A new study released this week by Boston-based Strategy Analytics offers an ominous warning — companies focused on supplying light-emitting diodes (LEDs) for liquid crystal displays (LCD) and keypad backlighting functions will see their revenues plummet an astounding 41 percent in the next three years.
Diversification is needed, right now, for companies in that business to survive, the study said.
A copy of the findings of the study on the LED market, “Camera Phones are Bright Spot in Handset Market for LEDs,” was provided to TechNewsWorld.
More Efficient Backlighting
Research demonstrates that the introduction of brighter LEDs and “more efficient backlighting” technologies will spur a “net reduction” in the average number of LEDs used in both the LCD and keypad backlighting segments of the industry.
Combined with the decline in average selling prices experienced in these two markets, revenues from both markets will trend downwards, the study said.
This loss however, may be offset by strong revenue growth in the emerging camera flash market. By 2009, revenues from the growing camera flash function will represent 36 percent of the total handset LED market demand for LED manufacturers, the study said.
“Growing penetration of cameras into mobile phone handsets is coupled with the appearance of higher resolution cameras and a consumer requirement that camera phones should be able to take good quality photographs,” said Stuart Robinson, director of Strategy Analytics handset component technologies (HCT) service. “An essential part of this requirement is a high-quality flash function that can operate over distances of more than 1 meter. This will drive demand for camera handset high-power white LEDs.”
Accordingly, market leaders or aspirants will need to realign themselves now to meet ongoing changes in market requirements, said Asif Anwar, director of the Strategy Analytics GaAs service. “The requirements of high illuminance, high efficacy and appropriate thermal management for LEDs used in camera flash functionality present considerable challenges, but the upside is a market which will grow at a CAAGR of 87 percent through to 2009,” said Anwar in an e-mail to TechNewsWorld.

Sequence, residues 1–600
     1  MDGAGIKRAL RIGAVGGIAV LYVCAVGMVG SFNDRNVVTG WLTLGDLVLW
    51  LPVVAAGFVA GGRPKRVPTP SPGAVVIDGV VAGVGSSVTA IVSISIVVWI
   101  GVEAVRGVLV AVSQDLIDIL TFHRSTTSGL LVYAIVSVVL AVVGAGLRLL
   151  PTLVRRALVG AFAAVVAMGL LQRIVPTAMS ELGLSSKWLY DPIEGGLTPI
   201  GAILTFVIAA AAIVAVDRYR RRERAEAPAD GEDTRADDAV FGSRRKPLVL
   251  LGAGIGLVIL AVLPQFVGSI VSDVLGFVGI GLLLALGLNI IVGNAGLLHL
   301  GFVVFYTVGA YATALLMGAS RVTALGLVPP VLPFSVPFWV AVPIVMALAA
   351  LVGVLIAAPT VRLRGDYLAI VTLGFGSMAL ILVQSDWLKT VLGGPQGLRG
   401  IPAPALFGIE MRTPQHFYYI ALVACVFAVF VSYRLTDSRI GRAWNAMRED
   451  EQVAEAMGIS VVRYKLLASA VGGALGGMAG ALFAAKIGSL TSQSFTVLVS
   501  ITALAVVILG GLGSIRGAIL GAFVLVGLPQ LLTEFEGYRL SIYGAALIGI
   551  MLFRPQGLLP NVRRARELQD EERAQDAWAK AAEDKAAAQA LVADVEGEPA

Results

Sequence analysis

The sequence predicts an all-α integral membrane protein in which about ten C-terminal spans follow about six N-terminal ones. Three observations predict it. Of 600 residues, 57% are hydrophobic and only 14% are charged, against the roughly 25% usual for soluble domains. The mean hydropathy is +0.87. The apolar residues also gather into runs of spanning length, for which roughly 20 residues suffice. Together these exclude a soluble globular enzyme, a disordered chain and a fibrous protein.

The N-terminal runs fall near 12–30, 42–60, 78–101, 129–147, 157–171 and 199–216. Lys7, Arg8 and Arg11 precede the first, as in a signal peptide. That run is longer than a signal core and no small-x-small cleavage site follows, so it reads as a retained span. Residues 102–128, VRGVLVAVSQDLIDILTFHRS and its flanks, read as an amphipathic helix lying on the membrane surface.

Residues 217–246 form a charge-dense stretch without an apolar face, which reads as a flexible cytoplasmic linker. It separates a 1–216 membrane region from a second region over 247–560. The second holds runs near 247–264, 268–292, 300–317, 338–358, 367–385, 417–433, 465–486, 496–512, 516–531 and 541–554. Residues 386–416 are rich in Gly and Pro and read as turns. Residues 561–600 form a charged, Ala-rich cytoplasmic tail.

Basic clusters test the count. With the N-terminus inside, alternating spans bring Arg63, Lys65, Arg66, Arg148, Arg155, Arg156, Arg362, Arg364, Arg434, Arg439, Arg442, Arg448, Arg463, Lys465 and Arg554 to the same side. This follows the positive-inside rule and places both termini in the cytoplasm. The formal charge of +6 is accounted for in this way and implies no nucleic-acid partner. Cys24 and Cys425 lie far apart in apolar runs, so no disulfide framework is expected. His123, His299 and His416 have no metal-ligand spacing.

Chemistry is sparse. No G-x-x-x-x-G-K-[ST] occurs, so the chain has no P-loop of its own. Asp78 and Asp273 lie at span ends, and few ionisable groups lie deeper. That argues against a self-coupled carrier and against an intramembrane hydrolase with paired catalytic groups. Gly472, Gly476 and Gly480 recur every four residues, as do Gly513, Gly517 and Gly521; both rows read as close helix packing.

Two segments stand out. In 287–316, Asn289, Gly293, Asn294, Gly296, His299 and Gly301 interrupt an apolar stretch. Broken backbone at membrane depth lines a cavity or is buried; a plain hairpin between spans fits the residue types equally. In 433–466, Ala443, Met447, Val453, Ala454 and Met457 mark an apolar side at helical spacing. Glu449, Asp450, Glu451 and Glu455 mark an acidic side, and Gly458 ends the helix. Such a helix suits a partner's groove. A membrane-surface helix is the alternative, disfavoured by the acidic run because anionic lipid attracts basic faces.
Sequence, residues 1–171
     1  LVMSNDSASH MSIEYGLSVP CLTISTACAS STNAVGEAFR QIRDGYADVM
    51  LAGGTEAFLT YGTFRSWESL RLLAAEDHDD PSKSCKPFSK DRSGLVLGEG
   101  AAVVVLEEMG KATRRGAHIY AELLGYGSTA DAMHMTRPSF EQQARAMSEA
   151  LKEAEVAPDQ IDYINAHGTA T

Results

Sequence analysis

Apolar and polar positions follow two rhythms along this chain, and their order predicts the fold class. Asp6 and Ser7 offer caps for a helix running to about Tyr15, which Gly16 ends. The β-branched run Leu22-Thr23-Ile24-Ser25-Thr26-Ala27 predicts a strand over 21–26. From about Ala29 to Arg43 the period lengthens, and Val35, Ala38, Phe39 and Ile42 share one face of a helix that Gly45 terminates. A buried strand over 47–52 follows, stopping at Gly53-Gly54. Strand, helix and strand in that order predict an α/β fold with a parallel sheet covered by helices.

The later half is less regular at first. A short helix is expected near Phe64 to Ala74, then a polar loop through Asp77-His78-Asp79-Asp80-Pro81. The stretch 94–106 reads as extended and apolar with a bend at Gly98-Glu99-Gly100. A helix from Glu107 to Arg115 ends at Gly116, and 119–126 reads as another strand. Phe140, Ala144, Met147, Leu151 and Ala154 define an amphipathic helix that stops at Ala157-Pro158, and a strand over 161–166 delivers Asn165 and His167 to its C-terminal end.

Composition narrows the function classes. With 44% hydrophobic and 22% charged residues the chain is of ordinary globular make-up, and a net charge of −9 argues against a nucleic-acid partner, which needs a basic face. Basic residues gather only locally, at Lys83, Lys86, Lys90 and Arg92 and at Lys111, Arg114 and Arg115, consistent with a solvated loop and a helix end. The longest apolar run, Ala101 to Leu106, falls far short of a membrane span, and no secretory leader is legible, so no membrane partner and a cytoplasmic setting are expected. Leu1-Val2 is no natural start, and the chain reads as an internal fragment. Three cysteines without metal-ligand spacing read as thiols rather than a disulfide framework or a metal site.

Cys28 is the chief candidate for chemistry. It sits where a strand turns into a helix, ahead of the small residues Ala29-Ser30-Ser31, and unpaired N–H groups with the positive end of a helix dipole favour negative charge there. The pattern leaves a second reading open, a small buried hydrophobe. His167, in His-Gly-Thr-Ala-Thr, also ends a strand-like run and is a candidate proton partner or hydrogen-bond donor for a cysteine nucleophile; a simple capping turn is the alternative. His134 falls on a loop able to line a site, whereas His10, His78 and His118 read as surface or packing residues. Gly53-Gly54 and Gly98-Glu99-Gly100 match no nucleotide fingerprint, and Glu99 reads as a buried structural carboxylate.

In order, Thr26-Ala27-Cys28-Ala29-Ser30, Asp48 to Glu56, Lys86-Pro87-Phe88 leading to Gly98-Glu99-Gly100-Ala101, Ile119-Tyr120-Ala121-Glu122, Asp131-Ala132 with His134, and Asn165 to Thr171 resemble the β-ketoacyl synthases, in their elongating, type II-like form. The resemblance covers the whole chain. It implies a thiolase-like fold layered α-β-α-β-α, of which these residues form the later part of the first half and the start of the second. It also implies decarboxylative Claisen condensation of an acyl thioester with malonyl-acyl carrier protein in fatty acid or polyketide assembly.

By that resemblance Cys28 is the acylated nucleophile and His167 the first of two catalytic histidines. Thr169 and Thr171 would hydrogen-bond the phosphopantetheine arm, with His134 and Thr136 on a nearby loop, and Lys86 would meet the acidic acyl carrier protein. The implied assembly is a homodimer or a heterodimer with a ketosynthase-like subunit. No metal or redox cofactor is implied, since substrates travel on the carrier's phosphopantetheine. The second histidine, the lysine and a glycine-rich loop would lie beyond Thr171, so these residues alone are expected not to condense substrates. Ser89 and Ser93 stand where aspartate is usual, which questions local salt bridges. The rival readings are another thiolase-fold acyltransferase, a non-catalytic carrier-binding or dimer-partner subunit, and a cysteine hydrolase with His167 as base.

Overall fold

Importance of Innovation
The LCD business is a very innovative one — which is constantly introducing new products and technologies. Milpitas, Calif.-based California Micro Devices this week announced the CM4072, a single-chip low noise charge pump/linear regulator LED (light emitting diode) driver designed to power white LEDs to backlight TFT LCD displays in wireless handsets, PDAs and LCD modules, the company said.
By integrating the charge pump and linear regulator into one chip, the CM4072 is able to boost the input voltage via the charge pump circuitry and then feed it to the linear regulator to provide a constant 5V output and a continuous output current of 200mA. To control the brightness of the white LEDs, a PWM (pulse width modulation) signal is sent from the baseband processor to the enable pin of the CM4072. The charge pump operates at 250kHzn which is well below the clock, cellular and PCS frequencies in wirelesshandsets, the company said.
Other makers of LEDs have been diversifying for a while, expecting the downturn, apparently. Agilent Technologies’ HSMx-A43xx series high-brightness red, red-orange, orange, amber, green and blue LEDs have been adapted for automotive lighting, outdoor electronic signs and signals and other applications requiring highly reliable light sources.
The new LEDs complement Agilent’s earlier model Power PLCC-4 LEDs, with 120-degree, ultra-wide viewing angles. The 30-degree viewing angle reportedly allows Agilent’s SMT LEDs to meet design requirements for interior automotive applications, such as door lighting and instrument clusters, as well as exterior automotive applications, such as turn signal lamps, brake lights and side markers. These LEDs also suit applications in the electronic signs and signals field, such as traffic lights, marker lights and signboards, the company said.
Another company in the LED field that is earning diversification kudos is Philips North America.
“Elements of the company’s successful product line strategy include the introduction of new products strategically positioned to balance the product line and the ability to accommodate different market segments,” says Frost & Sullivan research analyst Stephen Spivey, based in Palo Alto, Calif.